Marguerite nodded. "Immortals like to think of themselves as perfect. Perfect health, peak strength, peak intellectual abilities..." She shrugged. "And some mistakenly believe that the genetic anomaly that prevents Vincent's feeding off bagged blood—like the rest of us—suggests he isn't quite perfect."

Jackie was silent for a minute, then shook her head. "But this anomaly wouldn't have shown itself until about fifty years ago or so when everyone switched to bagged blood."

"Yes," Marguerite agreed.

"So, up to that point, everyone accepted him as fine, immortal, equal?" she asked.


"Then, when you all switched to bagged blood and he and his father found they couldn't feed that way, some of the others..."

"Began to look down on them and consider them inferior," Marguerite finished.

Vincent heard the anger in his aunt's voice, but he was used to it. It bothered her more than it did him. Vincent had enough confidence in himself he didn't much care how others thought of him.

Except Jackie, he acknowledged to himself now. Vincent was very interested in her reaction. Had she turned a pitying look his way, he would have been upset. Instead, she looked merely bewildered as she turned to him to ask, "Why would you keep someone like that working for you then?"

Vincent felt himself relax. Smiling faintly, he shrugged, "If I refused to hire anyone with that attitude, I wouldn't have any immortals working for me. It's pretty common. Besides, Max is good at his job, and he never pushes too hard with me."

Jackie nodded a slow acknowledgment to that. She'd noticed that while Max had shown a hint of arrogance, and seemed a touch patronizing and just that bit disrespectful, he hadn't been foolish enough to make any of these attitudes terribly obvious. On the other hand, she'd also noticed that some of Vincent's natural good humor and easygoing attitude had been missing at the office, replaced with a cool steel she hadn't seen in him before.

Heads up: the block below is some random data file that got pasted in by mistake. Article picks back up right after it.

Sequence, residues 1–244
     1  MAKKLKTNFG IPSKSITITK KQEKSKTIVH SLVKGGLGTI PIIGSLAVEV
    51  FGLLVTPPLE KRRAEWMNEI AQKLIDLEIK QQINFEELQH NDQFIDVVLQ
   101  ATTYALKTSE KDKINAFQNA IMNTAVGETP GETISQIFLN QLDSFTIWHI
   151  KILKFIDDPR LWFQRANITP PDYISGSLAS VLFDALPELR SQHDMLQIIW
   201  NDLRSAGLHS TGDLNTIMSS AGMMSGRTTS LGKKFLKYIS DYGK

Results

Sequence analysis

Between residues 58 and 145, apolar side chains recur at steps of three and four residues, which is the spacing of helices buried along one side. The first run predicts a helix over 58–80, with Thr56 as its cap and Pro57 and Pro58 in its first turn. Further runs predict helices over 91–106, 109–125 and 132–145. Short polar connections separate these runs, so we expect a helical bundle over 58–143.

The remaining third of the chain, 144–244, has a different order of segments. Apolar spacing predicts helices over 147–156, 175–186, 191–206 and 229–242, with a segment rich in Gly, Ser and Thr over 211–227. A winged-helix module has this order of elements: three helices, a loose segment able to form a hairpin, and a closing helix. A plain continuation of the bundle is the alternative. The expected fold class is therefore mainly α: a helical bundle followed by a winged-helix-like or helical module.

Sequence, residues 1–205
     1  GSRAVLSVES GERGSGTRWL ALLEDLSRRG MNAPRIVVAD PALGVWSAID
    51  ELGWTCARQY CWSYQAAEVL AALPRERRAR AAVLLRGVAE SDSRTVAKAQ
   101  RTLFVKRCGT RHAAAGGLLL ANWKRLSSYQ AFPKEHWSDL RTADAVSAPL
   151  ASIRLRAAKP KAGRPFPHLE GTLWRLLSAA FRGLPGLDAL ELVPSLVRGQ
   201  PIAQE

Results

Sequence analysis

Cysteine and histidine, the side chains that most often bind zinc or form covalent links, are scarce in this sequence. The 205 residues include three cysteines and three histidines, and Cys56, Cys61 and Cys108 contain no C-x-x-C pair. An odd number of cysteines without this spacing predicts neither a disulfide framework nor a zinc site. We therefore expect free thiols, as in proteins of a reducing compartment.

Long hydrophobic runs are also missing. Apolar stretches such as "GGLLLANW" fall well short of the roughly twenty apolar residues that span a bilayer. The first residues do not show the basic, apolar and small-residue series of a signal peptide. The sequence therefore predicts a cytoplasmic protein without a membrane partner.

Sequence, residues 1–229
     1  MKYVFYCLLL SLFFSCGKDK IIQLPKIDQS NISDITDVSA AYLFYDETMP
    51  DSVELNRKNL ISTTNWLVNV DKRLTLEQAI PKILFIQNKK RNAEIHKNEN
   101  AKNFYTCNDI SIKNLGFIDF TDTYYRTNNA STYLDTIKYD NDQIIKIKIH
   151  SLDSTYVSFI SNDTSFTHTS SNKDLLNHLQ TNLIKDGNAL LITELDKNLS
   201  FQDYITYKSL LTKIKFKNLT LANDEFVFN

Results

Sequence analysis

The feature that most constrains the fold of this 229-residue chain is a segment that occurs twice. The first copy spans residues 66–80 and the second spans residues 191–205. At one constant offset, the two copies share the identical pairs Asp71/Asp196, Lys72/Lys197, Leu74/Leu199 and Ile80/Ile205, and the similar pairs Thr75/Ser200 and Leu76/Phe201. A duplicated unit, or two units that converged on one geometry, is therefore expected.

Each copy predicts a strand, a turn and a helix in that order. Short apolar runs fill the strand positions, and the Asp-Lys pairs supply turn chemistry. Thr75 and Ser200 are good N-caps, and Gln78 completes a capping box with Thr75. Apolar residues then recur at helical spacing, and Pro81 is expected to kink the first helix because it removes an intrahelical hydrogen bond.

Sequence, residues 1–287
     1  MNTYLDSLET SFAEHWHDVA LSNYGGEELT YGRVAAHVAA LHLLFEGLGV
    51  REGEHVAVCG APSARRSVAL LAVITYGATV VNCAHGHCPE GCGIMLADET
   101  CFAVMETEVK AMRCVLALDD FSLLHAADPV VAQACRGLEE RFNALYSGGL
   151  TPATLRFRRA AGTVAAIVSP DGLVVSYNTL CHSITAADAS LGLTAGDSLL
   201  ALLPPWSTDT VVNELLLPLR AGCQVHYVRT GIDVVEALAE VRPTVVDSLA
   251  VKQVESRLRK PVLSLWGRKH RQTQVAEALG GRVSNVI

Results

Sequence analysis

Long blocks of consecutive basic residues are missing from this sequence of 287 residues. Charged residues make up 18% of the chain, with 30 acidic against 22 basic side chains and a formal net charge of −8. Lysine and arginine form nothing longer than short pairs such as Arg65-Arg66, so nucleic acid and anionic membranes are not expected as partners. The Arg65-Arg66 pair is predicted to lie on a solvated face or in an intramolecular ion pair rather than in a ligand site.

"Okay," she said finally. "So, Max was there. Who else was in security?"

"There was a Bob, a Tony, a John, and a Francis."

Jackie bit her lip as she wrote the names down and then asked, "I don't suppose you caught their last names?"

"No, sorry." He grimaced. "I didn't need to know their last names."

Jackie waved his apology aside. "We can get a list of the other security people from Max. Let's move on to production. I imagine you took Lily, she?

"No." Vincent shook his head.

"No?" she asked with surprise. "But she's your production assistant."

"Yes, but she was on vacation at the time," he explained, "So I took Sharon instead."

Jackie blinked. "But Sharon's a secretary, why would you take her as a production assistant?"

"I didn't really need a production assistant. I was the lead actor, so we had a different producer on the play. What I really needed was more of a personal assistant and Sharon could handle that easily enough."

"I see," she murmured, crossing out Lily's name and putting Sharon's in place instead. Jackie then raised her head and said, "Why don't you just start listing off everyone you can think of and I'll write them down. Then we'll pick the brains of those people to see who they recall."